Notwithstanding the eternal vitriol raging between highbrow scholars and the literary déclassé, the twilight-book-coverbenefits of non-literary fiction are myriad, for children – like adults – tend to resist what is forced upon them. They crave personal autonomy and control over what they read. Choice in turn is affected by interest, which is itself influenced (though not fully determined) by individual taste, need and background, and – more often than not – involves selections damningly defined as “pop fiction”.

(As an aside, the very notion of self-selecting anything from popular culture itself raises intriguing philosophical questions. There is a tendency for students and teachers alike to conclude that when students choose their own reading material, they are in fact expressing individual preference, thereby creating a sense of empowerment by bringing to the classroom literary content that their teachers would rather not legitimize. In many instances, however, children are influenced to choose materials that are imposed upon them by the social and cultural norms that surround them. Indeed, this same social determinism could be attributed to self-selection in music, food, art and clothing:)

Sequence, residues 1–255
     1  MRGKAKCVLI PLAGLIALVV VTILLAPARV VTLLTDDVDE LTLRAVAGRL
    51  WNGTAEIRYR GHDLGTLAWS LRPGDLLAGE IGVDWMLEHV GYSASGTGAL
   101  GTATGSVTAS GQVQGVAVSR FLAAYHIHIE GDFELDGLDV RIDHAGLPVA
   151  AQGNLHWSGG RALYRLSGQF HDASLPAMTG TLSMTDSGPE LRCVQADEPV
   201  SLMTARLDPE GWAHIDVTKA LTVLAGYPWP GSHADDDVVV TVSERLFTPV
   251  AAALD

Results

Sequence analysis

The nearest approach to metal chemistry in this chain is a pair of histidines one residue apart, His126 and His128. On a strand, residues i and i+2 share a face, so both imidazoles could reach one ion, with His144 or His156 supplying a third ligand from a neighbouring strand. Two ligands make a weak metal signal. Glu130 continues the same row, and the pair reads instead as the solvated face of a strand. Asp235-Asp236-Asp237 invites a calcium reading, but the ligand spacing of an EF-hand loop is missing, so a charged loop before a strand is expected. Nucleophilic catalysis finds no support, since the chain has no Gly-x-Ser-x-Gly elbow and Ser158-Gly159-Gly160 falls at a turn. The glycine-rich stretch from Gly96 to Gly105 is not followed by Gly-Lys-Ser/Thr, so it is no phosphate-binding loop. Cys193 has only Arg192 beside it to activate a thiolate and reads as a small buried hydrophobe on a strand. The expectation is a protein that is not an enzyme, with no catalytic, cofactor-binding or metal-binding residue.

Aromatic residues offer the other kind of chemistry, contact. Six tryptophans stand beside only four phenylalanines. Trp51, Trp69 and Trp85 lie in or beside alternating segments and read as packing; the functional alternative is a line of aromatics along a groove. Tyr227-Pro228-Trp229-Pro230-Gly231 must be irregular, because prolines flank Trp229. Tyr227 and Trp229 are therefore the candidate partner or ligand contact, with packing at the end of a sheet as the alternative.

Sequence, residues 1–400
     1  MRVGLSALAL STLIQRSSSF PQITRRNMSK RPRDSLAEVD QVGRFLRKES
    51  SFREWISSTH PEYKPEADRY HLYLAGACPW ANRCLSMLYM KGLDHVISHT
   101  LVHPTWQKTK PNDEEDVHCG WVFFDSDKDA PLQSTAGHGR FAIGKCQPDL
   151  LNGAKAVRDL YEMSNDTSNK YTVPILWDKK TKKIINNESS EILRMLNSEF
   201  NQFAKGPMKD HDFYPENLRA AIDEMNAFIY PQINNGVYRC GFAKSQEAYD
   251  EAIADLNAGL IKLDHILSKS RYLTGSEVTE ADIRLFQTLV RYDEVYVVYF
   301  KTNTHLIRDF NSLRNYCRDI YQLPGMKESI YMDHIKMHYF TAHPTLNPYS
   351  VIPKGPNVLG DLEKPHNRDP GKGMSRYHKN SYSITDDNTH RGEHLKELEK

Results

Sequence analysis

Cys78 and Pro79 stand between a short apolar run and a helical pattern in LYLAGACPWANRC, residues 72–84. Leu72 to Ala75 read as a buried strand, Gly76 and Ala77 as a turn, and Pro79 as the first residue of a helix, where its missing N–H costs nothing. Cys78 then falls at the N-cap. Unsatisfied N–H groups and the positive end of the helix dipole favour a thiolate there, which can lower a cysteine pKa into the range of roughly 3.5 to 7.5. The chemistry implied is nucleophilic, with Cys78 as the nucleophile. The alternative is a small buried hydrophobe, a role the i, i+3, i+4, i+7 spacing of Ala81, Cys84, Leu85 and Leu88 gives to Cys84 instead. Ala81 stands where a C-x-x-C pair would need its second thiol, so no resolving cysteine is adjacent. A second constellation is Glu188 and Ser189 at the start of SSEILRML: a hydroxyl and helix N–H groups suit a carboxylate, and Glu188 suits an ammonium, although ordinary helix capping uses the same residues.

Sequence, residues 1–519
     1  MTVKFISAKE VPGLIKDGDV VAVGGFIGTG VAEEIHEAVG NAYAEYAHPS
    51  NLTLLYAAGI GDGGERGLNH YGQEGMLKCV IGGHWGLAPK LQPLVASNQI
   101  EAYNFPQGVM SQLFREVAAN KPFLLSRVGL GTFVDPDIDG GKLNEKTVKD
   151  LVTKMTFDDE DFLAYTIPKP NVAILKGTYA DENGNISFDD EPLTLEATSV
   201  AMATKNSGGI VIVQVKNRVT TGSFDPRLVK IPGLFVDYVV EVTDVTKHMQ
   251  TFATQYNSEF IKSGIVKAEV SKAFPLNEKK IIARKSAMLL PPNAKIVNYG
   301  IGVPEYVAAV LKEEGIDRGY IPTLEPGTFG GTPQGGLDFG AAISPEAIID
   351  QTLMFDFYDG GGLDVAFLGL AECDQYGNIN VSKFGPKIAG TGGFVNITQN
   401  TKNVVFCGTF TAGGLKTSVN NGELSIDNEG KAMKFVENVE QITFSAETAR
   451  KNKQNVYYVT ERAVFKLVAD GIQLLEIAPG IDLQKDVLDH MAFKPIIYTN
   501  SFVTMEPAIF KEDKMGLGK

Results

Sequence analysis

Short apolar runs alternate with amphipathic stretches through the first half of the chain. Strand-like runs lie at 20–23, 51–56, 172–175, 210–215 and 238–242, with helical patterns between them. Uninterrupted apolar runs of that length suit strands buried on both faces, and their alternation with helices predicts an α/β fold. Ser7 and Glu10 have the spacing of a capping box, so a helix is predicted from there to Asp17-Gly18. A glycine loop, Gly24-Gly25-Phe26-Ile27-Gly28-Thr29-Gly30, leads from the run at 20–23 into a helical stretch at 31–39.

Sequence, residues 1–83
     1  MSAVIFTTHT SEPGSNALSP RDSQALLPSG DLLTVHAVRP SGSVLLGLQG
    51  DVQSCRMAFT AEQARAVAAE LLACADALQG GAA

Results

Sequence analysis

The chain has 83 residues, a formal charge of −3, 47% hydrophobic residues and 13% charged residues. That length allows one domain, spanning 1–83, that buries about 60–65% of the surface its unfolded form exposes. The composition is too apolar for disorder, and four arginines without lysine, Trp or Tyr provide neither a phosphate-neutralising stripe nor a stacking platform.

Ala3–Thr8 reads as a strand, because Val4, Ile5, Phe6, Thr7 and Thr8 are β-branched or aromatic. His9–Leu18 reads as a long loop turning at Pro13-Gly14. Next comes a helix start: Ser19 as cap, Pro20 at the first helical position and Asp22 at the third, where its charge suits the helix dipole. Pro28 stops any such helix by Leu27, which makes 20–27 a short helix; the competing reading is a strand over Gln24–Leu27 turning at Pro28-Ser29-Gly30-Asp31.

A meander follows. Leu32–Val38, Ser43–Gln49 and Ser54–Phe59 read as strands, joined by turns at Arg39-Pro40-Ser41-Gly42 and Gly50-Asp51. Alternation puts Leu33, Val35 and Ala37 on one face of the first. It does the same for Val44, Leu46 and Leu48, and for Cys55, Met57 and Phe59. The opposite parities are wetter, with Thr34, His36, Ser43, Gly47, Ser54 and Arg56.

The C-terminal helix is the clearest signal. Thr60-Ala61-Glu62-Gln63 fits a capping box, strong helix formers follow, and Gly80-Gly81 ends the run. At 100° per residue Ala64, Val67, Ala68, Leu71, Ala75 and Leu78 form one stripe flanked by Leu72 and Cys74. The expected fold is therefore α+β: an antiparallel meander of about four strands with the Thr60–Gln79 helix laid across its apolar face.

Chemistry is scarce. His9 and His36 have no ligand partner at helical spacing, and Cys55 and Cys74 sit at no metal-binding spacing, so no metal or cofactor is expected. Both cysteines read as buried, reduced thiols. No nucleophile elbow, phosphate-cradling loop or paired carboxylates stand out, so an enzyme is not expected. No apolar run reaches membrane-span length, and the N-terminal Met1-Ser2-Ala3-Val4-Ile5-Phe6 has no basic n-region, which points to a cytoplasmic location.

Yes. Well. Meandering down the path of inquiry again… sorry about that.

Ultimately, however, the fallout from the pop-fiction/literature debate lands far beyond mere pedagogy. Western democracy cannot, by definition, flourish without a fully literate electorate, and if schools are graduating citizens who are incapable of distinguishing between verbal claims and published facts, then political leaders no longer need to be competent, sincere or honest, but only to appear as such. We tend not to pay attention to a political candidate or government minister based on issues, but rather on popularity and newsworthiness: a federal aide with a money-laundering, ex-hooker in his past is newsworthy; a charismatic foreign president with a glamorous, fashion-forward wife is newsworthy; a local politician who proposes serious regulatory reform regarding cross-country oil pipelines, on the other hand, is boring.